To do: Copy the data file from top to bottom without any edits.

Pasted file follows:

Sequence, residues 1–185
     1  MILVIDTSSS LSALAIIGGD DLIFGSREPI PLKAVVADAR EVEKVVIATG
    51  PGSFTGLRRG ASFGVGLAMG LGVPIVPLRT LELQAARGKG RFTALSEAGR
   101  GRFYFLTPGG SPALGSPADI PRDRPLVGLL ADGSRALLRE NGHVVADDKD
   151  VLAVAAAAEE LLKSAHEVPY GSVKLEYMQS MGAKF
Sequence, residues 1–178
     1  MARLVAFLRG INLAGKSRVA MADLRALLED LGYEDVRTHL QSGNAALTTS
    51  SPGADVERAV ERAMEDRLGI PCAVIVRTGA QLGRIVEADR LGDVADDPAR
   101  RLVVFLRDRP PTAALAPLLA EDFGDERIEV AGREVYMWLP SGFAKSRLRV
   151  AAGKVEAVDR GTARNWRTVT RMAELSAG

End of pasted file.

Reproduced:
Sequence, residues 1–185
     1  MILVIDTSSS LSALAIIGGD DLIFGSREPI PLKAVVADAR EVEKVVIATG
    51  PGSFTGLRRG ASFGVGLAMG LGVPIVPLRT LELQAARGKG RFTALSEAGR
   101  GRFYFLTPGG SPALGSPADI PRDRPLVGLL ADGSRALLRE NGHVVADDKD
   151  VLAVAAAAEE LLKSAHEVPY GSVKLEYMQS MGAKF
Sequence, residues 1–178
     1  MARLVAFLRG INLAGKSRVA MADLRALLED LGYEDVRTHL QSGNAALTTS
    51  SPGADVERAV ERAMEDRLGI PCAVIVRTGA QLGRIVEADR LGDVADDPAR
   101  RLVVFLRDRP PTAALAPLLA EDFGDERIEV AGREVYMWLP SGFAKSRLRV
   151  AAGKVEAVDR GTARNWRTVT RMAELSAG